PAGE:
BlackBerry DTEK60 launch also next step in firm’s licencing strategy

BlackBerry Ltd. is releasing its first smartphone since announcing it will no longer be designing and making its own smartphones, the Waterloo, Ont.-based firm confirmed on Tuesday.

The BlackBerry DTEK60 is a sequel and step up of the DTEK50 smartphone released in August. Similar to that phone, BlackBerry has taken a device design created by Alcatel parent company TCL Corp. and tweaked it. As with the DTEK50 and the Priv, this new device runs on BlackBerry’s security-hardened version of Android.

“The DTEK series is all about secure Android smartphones,” says Scott Wenger, vice-president of design and devices marketing at BlackBerry. “It’s for people that understand their need to protect themselves from security threats becoming greater all the time.”

BlackBerry’s partnership with TCL on the DTEK devices is a signpost for how it will be working with partners to bring future BlackBerry hardware to market. As Wenger explains, future partnerships will see BlackBerry call on its partners to design, manufacture, and distribute the device as well.

“The main difference between what we’re doing now and the licencing strategy is who distributes,” he says. “Our licence model suggests we’re working with partners to distribute that hardware.”

BlackBerry DTEK60 front, showing the Instant Actions interface.

For the DTEK60, BlackBerry will be using its traditional channels to distribute the device. For any future BlackBerry device, it will be up to partners to distribute the hardware. BlackBerry will focus on making its security-boosting software for the handsets, and possibly explore other options for BlackBerry-branded devices down the road.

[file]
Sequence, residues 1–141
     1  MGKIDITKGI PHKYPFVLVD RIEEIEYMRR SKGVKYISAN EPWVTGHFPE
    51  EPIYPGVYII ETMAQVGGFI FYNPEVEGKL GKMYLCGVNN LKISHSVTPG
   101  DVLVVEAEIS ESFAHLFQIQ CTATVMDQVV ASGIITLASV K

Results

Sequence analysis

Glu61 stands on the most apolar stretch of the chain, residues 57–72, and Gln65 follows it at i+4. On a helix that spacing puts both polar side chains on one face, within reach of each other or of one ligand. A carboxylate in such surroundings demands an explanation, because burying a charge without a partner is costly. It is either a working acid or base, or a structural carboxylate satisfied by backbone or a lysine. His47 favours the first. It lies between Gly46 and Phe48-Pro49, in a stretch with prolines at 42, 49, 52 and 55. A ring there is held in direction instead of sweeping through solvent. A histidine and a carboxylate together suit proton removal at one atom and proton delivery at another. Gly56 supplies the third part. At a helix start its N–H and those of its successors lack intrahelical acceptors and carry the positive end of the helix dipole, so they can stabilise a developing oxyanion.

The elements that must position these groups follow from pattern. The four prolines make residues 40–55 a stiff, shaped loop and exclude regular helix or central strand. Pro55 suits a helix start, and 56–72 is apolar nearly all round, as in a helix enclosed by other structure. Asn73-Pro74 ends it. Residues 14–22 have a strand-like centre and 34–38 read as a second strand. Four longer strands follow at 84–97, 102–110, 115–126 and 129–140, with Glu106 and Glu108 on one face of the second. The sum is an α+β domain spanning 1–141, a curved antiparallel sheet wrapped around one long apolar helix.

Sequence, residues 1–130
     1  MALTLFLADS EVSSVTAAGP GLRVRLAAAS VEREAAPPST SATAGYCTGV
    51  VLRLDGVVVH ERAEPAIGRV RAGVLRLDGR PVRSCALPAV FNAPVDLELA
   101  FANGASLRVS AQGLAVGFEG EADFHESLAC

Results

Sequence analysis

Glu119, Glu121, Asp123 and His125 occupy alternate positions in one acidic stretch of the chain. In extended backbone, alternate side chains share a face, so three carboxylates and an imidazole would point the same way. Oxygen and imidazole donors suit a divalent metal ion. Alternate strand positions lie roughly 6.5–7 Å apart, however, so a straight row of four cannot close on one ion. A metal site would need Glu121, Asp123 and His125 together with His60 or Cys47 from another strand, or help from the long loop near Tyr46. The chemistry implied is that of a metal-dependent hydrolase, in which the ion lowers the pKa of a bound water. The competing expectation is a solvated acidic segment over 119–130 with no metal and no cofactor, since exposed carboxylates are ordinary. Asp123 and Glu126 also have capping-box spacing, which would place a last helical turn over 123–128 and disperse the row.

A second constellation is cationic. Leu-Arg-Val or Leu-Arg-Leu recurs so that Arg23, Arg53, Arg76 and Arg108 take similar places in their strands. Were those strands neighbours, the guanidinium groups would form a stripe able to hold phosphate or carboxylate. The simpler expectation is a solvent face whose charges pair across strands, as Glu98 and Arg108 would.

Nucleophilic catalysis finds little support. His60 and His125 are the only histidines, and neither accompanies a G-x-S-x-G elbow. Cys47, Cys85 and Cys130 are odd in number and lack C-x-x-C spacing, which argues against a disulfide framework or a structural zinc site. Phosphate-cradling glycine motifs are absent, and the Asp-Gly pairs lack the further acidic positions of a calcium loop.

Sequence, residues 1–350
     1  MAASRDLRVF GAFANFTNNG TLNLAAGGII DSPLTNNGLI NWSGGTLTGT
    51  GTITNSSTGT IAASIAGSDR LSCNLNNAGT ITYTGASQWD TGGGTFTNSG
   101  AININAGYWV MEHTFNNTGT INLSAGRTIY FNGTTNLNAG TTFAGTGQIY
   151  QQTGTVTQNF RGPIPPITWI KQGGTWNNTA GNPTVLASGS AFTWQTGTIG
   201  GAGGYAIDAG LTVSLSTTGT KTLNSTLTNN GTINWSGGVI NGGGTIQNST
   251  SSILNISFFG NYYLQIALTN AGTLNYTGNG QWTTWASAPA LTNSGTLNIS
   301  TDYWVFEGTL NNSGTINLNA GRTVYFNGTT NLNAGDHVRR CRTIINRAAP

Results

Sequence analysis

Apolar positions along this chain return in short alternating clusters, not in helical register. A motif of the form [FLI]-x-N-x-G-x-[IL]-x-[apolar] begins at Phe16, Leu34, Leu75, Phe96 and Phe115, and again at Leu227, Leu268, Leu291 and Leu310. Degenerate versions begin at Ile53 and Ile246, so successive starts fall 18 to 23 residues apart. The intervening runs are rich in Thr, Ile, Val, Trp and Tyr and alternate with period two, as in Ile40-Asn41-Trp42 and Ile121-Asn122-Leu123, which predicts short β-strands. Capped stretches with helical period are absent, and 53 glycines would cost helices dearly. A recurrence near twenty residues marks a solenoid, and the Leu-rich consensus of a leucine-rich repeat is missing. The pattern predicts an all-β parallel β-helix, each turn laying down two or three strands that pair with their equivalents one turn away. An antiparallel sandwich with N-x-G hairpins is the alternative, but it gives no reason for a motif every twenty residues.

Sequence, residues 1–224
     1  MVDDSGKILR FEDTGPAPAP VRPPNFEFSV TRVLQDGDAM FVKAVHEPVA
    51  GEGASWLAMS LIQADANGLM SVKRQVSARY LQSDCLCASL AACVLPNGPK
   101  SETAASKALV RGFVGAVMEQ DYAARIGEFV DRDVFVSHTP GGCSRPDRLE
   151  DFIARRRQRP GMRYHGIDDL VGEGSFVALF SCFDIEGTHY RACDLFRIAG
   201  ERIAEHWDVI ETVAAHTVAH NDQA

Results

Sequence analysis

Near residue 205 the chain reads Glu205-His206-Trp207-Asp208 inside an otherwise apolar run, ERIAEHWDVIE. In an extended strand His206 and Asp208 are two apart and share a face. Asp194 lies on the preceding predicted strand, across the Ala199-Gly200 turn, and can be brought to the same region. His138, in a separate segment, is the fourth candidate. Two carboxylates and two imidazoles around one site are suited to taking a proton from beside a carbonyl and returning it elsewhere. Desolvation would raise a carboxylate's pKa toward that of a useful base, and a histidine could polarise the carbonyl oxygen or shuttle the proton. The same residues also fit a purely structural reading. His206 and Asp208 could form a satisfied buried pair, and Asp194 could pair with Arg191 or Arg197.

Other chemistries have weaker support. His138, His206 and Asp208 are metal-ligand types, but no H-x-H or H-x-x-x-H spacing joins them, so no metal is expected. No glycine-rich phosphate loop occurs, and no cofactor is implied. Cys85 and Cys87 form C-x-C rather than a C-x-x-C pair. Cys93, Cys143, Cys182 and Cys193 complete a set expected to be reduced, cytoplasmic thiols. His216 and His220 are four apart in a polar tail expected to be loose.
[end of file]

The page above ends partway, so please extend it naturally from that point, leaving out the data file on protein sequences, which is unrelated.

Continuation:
So how exactly does it improve the security of Android? It starts with a modified version of Android OS, continues with a commitment to delivering security patches as soon as Google releases them, and ends with helping users understand what permissions their apps are using via the titular DTEK app that comes installed on the device.

BlackBerry uses a cryptographic key on the device to make sure the software hasn’t been rooted (i.e. replaced by something less secure), Wenger says. Encrypted data is enabled on the device by default and BlackBerry has made efforts to secure any vulnerabilities in Android’s Linux kernel.

“We’ve looked for any issues and closed gaps wherever we find them,” he says. “Some of those things are public and some are not so public.”

So BlackBerry’s version of Android is more secure than other devices using Android in that way, he says, and the patch delivery commitment ensures they continue to be.

“Dedicated teams look at this day in and day out and fix things before they are publicly known,” he says. That puts to rest much of the zero-day vulnerability fears that many IT administrators have.

The DTEK60’s hardware specs are the same as we previously reported based on leaks to several online inventory databases.

  • 1.6 GHz + 2.15 GHz Dual-Core CPUs (Snapdragon 820)
  • Android 6.0 Marshmallow OS
  • GSM/4G LTE support
  • 32GB storage capacity
  • 4GB of RAM
  • 5.5? AMOLED touchscreen display
  • QHD 2560 x 1440 Resolution
  • BlackBerry Convenience Key
  • microSDXC memory card slot

A hardware button on the side, dubbed the BlackBerry Convenience Key, can be mapped to any shortcut function of the user’s choice. Wenger opts to use his to turn on the device’s flashlight. But it could also launch an app, or begin a text message.

BlackBerry DTEK60 convenience key
A close look at the convenience key on the BlackBerry DTEK60.

Unlike the DTEK50, this model does offer a fingerprint sensor, found on the back of the device just under the camera.

The BlackBerry DTEK60 will sell unlocked for $650.

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Jim Love, Chief Content Officer, IT World Canada

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Brian Jackson
Brian Jackson
Editorial director of IT World Canada. Covering technology as it applies to business users. Multiple COPA award winner and now judge. Paddles a canoe as much as possible.

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